You do not have to exchange IRC's for return postage stamps if you do not wish to. If you receive one, you can send it on to someone else, who in turn can send it to yet another person, but in the process each sender is still providing 'funds' for a return letter.
IRC's are supposed to assist in achieving a response to your query with minimal inconvenience. This is particularly important when snail-mailing (smailing) an individual rather than an institution.
When smailing to the UK, do not send non-UK stamps for the recipient to use for your reply, as they will be rejected by the post office.
If you don't know the correct post code for mail to the UK, leave it off. It will still get there, only a little bit slower. A good idea is to include a self-addressed envelope with your query. If nothing else, this ensures that the respondent's reply will be addressed correctly.
In regards to putting your return address on the front/back of the envelope - do as you would prefer, or as is the practise in your country. It won't hinder your letter's arrival.
There is a great web site covering things like UK Postage and more detail on International Reply Coupons at: http://www.leicester.co.uk/guild/sae.htm.
If the occupation you are seeking is not on either of these lists and you post a query to the newsgroup, please state that you have visited these web sites, otherwise you will be told to do so. If you later find the definition from another source, your contribution of this definition for inclusion in the lists, is welcomed. A simple addition to your genealogical tools is an everyday dictionary, which is extremely useful to have on hand for this purpose.
The term 'cordwainer' was originally restricted to those who worked in fine Spanish leather (Cordoba = cordovan), and not just in shoes. The early cordwainers dealt in luxury goods, and their customers were the nobility and the wealthy. Considered highly skilled craftsmen, they also made hats, furniture coverings, wall coverings, tack, light infantry 'armor', boxes, leggings, coats, belts, purses, and so forth. Some of the more industrially oriented cordwainers made wagon slings, buckets, pipes (to carry water), ropes, interwoven straps to serve as bed-springs, shoulder pads, quivers, horsecollars and the like.
This will show you which county your placename is in, and the corresponding Ordnance Survey Landranger Map on which it is shown. Details on how to purchase the maps you need are available on the web site.
If you're interested in Yorkshire, there's a very comprehensive gazetteer specific to Yorkshire online. 'A Topical Dictionary of Yorkshire for the year 1822' by Thomas Langdale gives the location and a sometimes brief, often detailed description of the placename you are researching. It can be found at: http://sentinel.mcc.ac.uk/genuki/big/eng/YKS/yrksdict/.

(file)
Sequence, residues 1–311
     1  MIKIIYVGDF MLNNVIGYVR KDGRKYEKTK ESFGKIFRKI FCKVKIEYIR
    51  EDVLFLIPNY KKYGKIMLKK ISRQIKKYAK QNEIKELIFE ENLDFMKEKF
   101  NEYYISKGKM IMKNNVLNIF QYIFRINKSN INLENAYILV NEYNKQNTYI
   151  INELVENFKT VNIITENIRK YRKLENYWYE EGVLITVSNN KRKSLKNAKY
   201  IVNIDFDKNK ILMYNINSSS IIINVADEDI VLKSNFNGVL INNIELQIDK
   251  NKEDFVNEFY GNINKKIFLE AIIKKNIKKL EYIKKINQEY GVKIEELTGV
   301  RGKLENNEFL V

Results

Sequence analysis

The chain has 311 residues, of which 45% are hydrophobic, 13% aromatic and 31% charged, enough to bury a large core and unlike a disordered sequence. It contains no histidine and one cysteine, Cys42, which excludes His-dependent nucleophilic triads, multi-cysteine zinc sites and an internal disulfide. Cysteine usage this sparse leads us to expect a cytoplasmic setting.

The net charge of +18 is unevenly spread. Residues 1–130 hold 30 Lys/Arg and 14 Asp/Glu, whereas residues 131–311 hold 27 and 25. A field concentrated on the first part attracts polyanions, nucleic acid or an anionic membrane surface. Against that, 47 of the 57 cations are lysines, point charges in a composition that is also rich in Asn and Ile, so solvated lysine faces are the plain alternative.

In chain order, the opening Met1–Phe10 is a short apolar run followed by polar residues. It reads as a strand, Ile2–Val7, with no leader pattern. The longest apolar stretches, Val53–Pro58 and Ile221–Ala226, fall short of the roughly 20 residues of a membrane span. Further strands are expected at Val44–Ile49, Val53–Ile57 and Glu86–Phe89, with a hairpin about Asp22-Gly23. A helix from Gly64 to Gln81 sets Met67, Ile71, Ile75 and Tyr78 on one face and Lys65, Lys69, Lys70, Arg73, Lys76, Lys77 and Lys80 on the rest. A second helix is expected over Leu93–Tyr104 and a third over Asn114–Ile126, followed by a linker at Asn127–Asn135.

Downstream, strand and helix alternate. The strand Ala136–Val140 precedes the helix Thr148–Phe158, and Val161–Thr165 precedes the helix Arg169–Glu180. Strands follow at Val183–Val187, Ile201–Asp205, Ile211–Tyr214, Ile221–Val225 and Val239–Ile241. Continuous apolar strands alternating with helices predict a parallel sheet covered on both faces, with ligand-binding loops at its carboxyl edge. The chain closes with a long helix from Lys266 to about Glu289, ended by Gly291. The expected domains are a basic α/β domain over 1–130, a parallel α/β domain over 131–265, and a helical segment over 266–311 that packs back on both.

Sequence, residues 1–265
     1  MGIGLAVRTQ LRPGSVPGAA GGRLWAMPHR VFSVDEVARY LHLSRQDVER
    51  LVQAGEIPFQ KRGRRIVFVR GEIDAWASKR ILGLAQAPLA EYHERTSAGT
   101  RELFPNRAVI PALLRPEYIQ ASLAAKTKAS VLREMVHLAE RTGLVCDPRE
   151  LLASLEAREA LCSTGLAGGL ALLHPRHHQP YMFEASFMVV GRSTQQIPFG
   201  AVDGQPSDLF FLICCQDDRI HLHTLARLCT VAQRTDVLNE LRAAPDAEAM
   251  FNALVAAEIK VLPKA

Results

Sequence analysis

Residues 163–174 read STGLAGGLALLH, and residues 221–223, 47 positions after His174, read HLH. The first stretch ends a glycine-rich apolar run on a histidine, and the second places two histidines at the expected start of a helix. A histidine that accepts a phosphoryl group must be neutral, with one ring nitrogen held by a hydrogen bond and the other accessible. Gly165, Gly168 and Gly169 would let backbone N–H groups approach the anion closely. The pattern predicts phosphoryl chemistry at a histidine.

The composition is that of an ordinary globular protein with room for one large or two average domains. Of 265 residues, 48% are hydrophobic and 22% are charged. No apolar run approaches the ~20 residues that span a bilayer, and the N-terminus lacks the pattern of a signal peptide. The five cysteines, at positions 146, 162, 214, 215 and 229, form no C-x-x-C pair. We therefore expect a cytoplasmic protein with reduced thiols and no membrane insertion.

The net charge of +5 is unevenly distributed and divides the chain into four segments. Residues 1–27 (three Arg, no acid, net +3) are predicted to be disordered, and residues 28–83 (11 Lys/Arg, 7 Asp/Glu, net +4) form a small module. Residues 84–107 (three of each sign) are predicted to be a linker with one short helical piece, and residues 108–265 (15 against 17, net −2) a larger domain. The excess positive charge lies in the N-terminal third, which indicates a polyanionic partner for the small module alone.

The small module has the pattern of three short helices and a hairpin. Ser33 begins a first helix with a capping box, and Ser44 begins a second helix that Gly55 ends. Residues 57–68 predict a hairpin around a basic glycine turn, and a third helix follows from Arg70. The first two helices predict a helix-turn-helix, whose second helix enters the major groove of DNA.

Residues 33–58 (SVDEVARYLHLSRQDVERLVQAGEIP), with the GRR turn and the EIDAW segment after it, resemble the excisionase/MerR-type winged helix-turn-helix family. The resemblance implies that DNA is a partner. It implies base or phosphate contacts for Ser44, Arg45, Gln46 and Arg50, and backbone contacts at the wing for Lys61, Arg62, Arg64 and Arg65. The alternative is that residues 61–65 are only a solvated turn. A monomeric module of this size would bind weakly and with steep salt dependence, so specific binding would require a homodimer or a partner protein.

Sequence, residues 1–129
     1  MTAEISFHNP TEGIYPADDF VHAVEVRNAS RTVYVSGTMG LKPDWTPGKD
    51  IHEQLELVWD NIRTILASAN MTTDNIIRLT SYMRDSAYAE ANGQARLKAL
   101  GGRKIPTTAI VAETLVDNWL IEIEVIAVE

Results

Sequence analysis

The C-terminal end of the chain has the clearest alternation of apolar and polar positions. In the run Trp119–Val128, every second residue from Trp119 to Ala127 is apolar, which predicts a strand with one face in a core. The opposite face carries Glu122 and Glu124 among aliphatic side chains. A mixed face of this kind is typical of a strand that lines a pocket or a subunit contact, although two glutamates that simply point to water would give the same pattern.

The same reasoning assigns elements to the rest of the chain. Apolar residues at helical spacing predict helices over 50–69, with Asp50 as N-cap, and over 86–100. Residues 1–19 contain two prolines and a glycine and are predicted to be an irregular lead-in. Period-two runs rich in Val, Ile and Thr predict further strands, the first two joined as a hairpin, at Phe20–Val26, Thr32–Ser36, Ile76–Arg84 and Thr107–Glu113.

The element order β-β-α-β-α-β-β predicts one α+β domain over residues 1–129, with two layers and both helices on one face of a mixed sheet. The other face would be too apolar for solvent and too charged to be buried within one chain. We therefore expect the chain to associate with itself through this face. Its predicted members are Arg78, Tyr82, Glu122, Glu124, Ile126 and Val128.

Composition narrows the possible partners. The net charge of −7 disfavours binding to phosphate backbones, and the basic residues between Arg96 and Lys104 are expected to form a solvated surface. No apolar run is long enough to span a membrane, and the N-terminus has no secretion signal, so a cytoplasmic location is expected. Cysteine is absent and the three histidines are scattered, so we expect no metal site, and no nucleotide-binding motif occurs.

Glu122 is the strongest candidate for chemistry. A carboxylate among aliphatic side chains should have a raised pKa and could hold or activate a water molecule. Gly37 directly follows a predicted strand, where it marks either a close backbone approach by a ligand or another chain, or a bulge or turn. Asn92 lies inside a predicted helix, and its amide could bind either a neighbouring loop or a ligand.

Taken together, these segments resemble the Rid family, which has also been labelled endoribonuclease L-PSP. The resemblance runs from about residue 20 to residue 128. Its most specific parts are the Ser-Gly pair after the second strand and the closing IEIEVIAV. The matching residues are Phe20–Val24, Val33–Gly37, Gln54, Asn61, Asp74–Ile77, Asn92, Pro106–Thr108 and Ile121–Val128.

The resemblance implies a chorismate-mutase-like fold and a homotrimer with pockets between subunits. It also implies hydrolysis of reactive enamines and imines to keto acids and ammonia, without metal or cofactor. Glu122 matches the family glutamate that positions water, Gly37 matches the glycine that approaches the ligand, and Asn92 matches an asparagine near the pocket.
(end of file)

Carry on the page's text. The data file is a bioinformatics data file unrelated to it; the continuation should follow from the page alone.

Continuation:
Also online and very helpful for an overview is a map of UK counties prior to 1974 boundary changes. Another useful section of the GENUKI hierarchy, it's URL is http://www.genuki.org.uk/big/BRITAIN2.GIF.
A great site for detailed street maps is http://www.streetmap.co.uk/ which has searching and street map facilities for Greater London.
Not online, but Cecil Humphery-Smith's 'The Phillimore Atlas and Index of Parish Registers' (widely recognised and highly recommended, but expensive at 50 pounds), is also very useful. Many libraries will have the hard cover book, which contains maps of the pre-1832 parishes of England, Wales and Scotland by county, and an 1834 topographical map of each England & Wales county. The index shows where the records (originals or copies) for each parish are held and the dates available for each.
Whilst it is an invaluable tool in your family history research, all IGI entries found should be checked from the source, even if the information fits perfectly into your tree. Not every parish register has been included and errors are not unknown. Be wary of entries that read 'About/Abt 1792', as these entries are part of a family file that has been submitted by people who are only guessing when the event is most likely to have taken place. The generally reliable entries which are extracts from parish registers, can be distinguished from the generally unreliable private submissions, by looking at the Batch number of the source for that event. Batch No's beginning with the letters C, K, J, M, E and P are from controlled extractions from parish registers and are generally reliable. Anything else should be treated with extreme caution.
The IGI is now available on-line at the URL http://www.familysearch.org
No, the IGI is not available for purchase on CD-ROM. There was a time over a year ago when it was sold via Dynix Library Systems to bona fide research organisations and libraries (but not to individuals) for an exorbitant price. Dynix are no longer distributing it.
The actual dates the census were taken:
1821 - 28 May 1831 - 30 May 1841 - 7 June 1851 - 30 March 1861 - 7 April 1871 - 2 April 1881 - 3 April 1891 - 5 April 1901 - 31 March 1911 - 31 March 1921 - 19 June 1931 - 26 April